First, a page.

I didn’t know about the dance. I listened to who was going, names of kids I knew and some, some only vaguely. “It’s a pretty big deal, it kicks off the social for the whole school year. You remember how it was about the first dance.”I smile to myself. Yes, I remember.
A couple of names were presented as not going. I suggest they are only freshman. Maybe they are just not emotionally ready. “No,” she responds. “They really should go. They meet other kids. Those social connections are important.”
Though Sam is the same age as most of the kids named, he isn’t going. He has never gone. But I don’t say those words out loud. The obvious reason is that he doesn’t go to the school and boys outside the school are not invited.
But that isn’t the only reason of course. Quite unexpectedly I feel a brief waive of nausea. I want to stop listening but I don’t. I realize I have stopped breathing for a moment.
It’s just a dance, I remind myself. Just a dance with teenage kids.
But neatly tucked away are my youthful memories of The First Dance. All the excitement; the emotional roller coaster ride of adolescence - the delight, the terror, crushes and heartbreak; the tentative steps into a more adult world of emotion. That right of passage that most of us experience.
I want Sam to experience that. But he likely can’t. He likely won’t. Why does this particular milestone catch me by surprise? I don’t want to care. But I do.
I keep the conversation moving and ask a mindless question. This time convincing myself, it’s just a dance. Just a dance.
As I hang up the phone and walk to the kitchen, Sam is playing music. We dance with abandon as we often do. And though it isn’t the same; or even close, I hear his laughter as we twirl. I find myself smiling and realize, it will do.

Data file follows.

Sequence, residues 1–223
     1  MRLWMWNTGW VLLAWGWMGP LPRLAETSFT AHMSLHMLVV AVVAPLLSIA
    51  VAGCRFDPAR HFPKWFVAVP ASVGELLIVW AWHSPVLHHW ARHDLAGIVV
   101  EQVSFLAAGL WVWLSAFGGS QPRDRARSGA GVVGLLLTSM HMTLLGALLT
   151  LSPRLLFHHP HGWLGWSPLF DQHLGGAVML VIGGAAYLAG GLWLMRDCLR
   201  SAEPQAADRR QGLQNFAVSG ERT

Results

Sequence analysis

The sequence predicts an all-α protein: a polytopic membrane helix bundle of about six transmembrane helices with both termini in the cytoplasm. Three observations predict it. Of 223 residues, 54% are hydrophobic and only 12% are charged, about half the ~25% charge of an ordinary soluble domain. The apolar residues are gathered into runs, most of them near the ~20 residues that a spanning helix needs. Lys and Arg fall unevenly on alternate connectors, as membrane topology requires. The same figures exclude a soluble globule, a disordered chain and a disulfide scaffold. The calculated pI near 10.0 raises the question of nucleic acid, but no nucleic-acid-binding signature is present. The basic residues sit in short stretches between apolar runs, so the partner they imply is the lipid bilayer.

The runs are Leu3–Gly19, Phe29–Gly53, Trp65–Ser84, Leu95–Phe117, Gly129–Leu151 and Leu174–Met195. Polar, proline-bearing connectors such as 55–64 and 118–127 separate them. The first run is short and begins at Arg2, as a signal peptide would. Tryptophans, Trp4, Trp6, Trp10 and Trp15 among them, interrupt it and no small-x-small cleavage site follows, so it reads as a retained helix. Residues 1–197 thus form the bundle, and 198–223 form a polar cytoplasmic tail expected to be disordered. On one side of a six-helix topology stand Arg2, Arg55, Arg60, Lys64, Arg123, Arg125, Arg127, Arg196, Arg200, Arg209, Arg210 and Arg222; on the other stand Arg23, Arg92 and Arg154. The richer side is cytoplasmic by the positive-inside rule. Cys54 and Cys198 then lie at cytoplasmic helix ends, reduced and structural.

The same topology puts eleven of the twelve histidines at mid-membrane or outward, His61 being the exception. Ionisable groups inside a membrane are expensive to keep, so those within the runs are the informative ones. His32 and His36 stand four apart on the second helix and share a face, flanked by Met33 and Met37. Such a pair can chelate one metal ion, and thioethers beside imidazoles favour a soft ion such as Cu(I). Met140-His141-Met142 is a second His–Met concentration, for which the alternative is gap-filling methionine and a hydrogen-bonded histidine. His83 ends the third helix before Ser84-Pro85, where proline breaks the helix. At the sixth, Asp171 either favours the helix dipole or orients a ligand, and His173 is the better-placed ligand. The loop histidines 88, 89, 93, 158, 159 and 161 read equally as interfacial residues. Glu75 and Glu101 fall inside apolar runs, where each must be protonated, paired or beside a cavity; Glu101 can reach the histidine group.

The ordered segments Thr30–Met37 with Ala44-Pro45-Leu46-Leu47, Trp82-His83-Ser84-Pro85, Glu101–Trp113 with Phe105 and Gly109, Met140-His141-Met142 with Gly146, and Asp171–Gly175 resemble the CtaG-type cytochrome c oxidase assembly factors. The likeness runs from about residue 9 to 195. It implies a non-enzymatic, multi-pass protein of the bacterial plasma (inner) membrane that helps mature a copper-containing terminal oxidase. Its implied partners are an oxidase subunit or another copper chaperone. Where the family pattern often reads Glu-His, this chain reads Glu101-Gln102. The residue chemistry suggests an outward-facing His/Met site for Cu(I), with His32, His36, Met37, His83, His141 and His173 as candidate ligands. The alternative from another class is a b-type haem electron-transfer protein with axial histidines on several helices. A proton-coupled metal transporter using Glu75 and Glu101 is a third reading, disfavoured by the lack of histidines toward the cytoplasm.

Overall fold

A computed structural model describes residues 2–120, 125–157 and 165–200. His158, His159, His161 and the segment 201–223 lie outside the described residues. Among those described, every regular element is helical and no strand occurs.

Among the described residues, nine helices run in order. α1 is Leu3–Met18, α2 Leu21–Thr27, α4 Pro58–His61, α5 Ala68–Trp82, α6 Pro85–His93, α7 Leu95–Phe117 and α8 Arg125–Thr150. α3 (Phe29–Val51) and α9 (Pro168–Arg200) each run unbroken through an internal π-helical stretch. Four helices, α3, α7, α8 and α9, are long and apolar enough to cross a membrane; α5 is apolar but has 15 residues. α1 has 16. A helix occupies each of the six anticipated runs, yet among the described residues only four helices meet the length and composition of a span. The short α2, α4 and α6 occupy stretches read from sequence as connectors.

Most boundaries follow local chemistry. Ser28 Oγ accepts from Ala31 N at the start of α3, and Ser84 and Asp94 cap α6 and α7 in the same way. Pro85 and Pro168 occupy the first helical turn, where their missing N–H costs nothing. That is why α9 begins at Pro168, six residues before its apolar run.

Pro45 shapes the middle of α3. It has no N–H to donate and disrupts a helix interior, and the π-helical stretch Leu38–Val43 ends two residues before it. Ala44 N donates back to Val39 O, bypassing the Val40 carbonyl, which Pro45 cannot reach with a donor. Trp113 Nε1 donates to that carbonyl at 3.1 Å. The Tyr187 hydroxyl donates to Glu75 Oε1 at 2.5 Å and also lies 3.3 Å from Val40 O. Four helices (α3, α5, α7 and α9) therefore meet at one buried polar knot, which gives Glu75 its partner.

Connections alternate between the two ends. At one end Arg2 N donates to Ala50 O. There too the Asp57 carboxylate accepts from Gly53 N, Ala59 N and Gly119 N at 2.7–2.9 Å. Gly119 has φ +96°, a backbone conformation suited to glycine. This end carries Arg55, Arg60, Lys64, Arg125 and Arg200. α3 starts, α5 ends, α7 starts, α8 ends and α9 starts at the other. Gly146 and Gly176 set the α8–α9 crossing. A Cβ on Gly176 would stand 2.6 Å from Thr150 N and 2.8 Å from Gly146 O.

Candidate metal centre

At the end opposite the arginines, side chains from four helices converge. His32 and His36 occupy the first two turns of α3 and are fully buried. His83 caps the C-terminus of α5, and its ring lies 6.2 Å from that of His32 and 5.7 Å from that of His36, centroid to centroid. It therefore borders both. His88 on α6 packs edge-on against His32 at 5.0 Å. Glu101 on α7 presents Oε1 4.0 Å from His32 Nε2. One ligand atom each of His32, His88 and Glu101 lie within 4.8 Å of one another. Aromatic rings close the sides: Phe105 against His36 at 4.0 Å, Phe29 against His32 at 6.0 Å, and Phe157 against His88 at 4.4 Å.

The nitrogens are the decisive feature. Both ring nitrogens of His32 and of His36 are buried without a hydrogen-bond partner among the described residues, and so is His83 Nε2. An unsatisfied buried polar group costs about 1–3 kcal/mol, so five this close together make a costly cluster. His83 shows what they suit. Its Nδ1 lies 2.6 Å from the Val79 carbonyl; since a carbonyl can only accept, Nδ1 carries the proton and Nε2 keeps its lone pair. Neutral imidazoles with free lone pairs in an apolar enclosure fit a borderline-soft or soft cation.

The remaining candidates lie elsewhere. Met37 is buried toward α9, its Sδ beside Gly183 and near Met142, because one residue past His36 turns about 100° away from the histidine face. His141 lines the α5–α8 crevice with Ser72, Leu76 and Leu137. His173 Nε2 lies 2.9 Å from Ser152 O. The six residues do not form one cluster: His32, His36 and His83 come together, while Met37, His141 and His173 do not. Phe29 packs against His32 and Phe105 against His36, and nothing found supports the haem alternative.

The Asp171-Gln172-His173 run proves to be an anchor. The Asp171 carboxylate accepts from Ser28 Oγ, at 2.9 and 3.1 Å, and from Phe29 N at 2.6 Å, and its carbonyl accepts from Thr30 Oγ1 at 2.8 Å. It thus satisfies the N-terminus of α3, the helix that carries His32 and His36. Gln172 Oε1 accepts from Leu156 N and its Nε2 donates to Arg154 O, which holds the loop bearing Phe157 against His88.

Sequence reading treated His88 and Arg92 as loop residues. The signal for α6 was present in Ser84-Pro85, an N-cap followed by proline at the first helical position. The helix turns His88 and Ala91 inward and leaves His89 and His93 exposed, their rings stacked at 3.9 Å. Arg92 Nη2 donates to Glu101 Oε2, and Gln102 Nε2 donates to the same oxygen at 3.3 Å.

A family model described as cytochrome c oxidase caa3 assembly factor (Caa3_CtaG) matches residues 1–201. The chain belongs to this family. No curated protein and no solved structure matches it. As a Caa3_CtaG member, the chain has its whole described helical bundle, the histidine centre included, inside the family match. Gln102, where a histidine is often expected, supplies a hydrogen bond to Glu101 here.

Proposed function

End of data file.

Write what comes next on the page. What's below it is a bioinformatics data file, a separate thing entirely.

This “In Their Own Words,” is written by Alysia Butler of Hopedale, Mass.
I’m sitting on the floor of our toy room watching my son.
He’s at our Fisher Price toy kitchen, pretending to turn on the water and wash his hands.
He fills up a cup from the pretend blender and hands it to me, pushing it towards my mouth so I’ll pretend to drink from it.
I take a sip, say “that was delicious!”, and hand it back to him.
With a smile, he pretends to wash the cup in the toy sink and puts it away.
He picks up the toy phone from its pretend cradle on top of the kitchen, and babbles into it (sounds vaguely like “Hello? Small cheese pizza with a side of garlic bread? Bye!)
I smile. He turns to me and laughs. He grabs a plate from inside the toy refrigerator, takes a spoon, and hands it to me. “Eat!”, he says.
I know enough to recognize what this all is now. This is pretend play.
But it’s not from my four year old.
It’s my 22 month old.
And it’s making me very sad.
My four year old never did this at 22 months. He didn’t do it at two years old, or even at three years old. Just now, after a year of special services through his school, are we seeing this type of pretend play.
I’m trying hard to stay in the moment – to sit and laugh and eat my pretend food like a good mother should. I should be celebrating the fact that my youngest is meeting all his milestones. He’s finally starting to talk in a way that doesn’t sound like he’s underwater. In almost every way, he’s right where he’s supposed to be.
But all I can do is think how different that has been for my 4 year old.
My 22 month old plays better, eats better, holds a spoon and fork and crayon better and sleeps better than my 4 year old. For goodness sake, they are only three pounds apart, even though two and a half years separate them. And it worries me. For both of them. What will happen when they are both older and the distance between their skills becomes more noticeable – more obvious – to the outside world and to each other?
I’m snapped out of my sadness by a sudden hug from my 22 month old. A real hug. A “thank you for playing with me Mom” hug. I hug back and ask for more pretend juice.
My four year old spots us playing and comes running into the room. “Can I have a tea party, too?”
I make room for him in front of the tiny pretend kitchen and he gets himself a cup. He asks his baby brother to pour him some juice from the pretend blender and they both pretend to have a drink. They giggle and I have to laugh too.
They are pretend playing together. And I realize that I have to stop comparing my kids. All three boys will do their own things in their own time. One may be reading chapter books at age six, one may be able to name every single Hot Wheels car in our house, and one may be able to sing along with Lady Gaga. It doesn’t matter how long it took my four year old to get to this tea party. Every milestone and every step, he’ll be a bit behind where he’s supposed to be. But he’s here now. That’s what my focus needs to be.